The picture-sentence-matching task was devised to elicit the subjects'
preferences for different direct object structures in a context in
which the antecedent was referred to in a question about a picture.
The results illustrate a strong difference between the monolingual and
bilingual groups. The monolingual children preferred clitics to null
subjects, whereas the bilingual group exhibited no clear preference.
The author argues that the bilingual group uses null pronouns as
continuing topics in discourse as well as a deictic devise to elements
not mentioned in discourse. Since monolinguals do not have this
deictic usage, they showed a high preference for clitics. This is
evidence of interference in the null D from Quechua in bilingual
Spanish.

Chapter 6 - CONCLUSIONS
In the final chapter of the book, S�nchez draws her conclusions to the
research described throughout the work. She begins with a summary of
the main results in which she highlights the importance of featural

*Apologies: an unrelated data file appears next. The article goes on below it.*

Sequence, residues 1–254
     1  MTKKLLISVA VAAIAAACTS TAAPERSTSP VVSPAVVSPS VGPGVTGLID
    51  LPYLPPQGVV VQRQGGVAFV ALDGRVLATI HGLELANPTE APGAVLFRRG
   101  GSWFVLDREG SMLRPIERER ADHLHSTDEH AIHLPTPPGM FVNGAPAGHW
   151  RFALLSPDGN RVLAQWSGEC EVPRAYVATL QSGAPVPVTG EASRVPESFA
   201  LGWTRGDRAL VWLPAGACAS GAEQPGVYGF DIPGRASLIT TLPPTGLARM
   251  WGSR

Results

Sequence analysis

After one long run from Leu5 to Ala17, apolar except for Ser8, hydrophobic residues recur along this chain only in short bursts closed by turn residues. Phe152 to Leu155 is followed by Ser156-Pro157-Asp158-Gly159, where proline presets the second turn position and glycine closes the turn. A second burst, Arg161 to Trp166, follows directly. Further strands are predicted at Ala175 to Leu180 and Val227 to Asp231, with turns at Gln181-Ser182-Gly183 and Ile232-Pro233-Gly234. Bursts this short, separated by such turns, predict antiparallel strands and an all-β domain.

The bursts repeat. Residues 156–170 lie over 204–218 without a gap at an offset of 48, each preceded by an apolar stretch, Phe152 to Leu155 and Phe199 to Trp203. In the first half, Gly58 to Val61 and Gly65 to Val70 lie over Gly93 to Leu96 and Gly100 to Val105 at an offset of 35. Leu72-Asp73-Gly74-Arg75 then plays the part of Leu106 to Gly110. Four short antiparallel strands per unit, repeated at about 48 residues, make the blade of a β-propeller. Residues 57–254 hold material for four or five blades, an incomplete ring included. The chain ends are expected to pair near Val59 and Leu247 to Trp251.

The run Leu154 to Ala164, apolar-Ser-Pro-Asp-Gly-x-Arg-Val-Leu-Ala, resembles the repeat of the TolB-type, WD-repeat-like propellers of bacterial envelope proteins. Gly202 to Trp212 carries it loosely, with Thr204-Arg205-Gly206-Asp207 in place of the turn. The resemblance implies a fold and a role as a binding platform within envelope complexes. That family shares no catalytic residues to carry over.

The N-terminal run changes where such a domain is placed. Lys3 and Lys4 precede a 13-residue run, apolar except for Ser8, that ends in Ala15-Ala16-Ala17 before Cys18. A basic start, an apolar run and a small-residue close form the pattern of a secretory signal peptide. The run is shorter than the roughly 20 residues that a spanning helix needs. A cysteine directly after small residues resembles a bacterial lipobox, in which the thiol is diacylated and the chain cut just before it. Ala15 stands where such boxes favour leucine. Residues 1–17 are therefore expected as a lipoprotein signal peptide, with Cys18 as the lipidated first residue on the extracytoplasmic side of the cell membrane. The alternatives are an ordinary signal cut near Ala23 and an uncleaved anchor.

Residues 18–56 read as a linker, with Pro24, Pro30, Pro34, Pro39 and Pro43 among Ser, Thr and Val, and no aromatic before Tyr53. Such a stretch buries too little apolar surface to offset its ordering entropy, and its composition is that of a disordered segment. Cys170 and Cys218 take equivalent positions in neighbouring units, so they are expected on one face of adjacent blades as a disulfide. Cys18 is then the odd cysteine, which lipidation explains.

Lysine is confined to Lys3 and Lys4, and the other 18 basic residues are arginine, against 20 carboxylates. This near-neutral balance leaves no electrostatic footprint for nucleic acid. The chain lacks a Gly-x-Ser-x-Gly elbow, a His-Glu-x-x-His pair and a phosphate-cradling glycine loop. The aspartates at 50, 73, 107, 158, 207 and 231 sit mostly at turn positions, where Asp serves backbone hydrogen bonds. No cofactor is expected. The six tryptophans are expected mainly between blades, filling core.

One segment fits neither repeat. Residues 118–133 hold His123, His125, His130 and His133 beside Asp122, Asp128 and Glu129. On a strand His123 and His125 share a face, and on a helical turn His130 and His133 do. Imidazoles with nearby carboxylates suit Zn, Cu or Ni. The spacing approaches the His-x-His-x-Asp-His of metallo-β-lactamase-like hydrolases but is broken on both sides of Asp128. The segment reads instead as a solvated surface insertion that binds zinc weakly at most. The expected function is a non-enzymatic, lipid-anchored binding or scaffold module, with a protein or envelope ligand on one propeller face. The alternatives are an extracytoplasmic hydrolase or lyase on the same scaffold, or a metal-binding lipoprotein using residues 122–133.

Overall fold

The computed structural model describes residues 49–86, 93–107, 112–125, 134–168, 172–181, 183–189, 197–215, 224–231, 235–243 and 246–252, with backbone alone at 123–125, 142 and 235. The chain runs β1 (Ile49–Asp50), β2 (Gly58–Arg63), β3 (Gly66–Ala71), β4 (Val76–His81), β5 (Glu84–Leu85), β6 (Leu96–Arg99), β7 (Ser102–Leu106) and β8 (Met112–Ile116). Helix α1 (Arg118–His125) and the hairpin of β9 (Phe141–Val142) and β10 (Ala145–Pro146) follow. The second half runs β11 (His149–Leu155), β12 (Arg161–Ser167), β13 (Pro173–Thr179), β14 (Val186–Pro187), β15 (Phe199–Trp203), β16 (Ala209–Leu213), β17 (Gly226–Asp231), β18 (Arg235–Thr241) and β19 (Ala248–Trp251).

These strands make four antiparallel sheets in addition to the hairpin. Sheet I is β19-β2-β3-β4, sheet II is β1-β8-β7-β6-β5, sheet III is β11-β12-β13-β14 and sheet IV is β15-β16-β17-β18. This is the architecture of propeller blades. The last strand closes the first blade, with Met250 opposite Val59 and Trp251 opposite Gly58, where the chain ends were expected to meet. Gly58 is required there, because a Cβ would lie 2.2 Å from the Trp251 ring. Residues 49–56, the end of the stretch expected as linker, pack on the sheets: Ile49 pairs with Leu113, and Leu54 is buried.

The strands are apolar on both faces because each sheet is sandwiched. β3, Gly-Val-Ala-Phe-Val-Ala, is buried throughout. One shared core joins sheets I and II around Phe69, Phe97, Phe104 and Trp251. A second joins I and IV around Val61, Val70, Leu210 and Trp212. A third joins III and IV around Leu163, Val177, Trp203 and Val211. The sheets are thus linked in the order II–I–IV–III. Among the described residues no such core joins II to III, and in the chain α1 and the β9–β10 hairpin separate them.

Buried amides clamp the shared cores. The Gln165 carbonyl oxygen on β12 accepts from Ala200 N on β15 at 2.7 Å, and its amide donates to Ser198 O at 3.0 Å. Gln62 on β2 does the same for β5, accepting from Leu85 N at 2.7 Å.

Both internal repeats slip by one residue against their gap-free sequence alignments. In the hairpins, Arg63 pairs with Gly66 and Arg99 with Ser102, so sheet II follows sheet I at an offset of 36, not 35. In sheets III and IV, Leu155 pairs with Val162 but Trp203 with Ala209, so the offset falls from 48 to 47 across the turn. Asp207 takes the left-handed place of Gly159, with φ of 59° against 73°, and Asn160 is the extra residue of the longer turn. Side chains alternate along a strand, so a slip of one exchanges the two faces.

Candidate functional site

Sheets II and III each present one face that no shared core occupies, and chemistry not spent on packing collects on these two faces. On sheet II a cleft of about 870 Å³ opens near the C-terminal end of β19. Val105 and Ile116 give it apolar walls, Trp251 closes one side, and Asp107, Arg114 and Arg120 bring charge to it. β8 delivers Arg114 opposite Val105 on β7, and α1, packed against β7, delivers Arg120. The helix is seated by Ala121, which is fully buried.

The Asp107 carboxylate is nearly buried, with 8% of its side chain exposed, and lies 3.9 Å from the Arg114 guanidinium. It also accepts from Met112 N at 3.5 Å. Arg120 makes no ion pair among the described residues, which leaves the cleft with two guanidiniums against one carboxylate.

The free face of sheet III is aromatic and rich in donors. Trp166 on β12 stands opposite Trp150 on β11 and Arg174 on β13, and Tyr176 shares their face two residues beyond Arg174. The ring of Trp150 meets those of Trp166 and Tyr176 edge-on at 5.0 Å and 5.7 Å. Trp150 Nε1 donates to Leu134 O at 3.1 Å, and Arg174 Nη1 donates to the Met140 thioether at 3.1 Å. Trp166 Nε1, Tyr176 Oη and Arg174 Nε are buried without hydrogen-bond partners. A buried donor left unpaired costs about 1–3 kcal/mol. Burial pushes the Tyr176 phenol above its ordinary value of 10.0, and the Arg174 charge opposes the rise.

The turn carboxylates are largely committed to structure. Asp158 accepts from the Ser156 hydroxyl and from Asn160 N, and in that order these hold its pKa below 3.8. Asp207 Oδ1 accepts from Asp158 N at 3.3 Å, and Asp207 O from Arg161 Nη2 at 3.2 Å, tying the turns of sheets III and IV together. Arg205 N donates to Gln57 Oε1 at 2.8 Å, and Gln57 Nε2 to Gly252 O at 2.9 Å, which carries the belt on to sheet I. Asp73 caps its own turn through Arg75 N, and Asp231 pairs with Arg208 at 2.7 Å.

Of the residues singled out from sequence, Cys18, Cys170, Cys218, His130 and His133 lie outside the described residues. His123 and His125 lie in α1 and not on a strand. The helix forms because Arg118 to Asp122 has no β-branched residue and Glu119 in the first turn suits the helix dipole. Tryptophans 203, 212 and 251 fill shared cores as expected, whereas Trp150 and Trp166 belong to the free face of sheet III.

changes in Cl and D as evidence of functional convergence in the
bilingual mind. She reiterates how SVO word order in bilingual
Quechua indicates the projection and specification of the Clitic
Phrase, reinforced by clitic usage in Spanish. The use of the
gender-less le in Spanish is shown as evidence of convergence in the
features of Cl. Support for convergence in D is revisited through
mention of the frequency of null objects in bilingual Spanish and the
deictic function the null objects serve in the bilingual narratives.
The author emphasizes the difference between the monolingual and
bilingual groups in that the monolinguals have a strong preference for
clitics over null objects. Finally, S�nchez summarizes functional
convergence in D through observations of the dropping of the
accusative marker --ta and the emergence of an indefinite determiner
in the bilingual Quechua narratives.

In the following section, the author compares bilingual acquisition at
the steady state and L1 acquisition. She argues that the absence of
SVO word orders in monolingual L1 acquisition of Quechua supports
interference and convergence in bilingual acquisition. She also
states that null objects with definite antecedents are present at
early stages of L1 Spanish acquisition, which facilitates convergence
at the steady state. Next S�nchez offers a short comparison of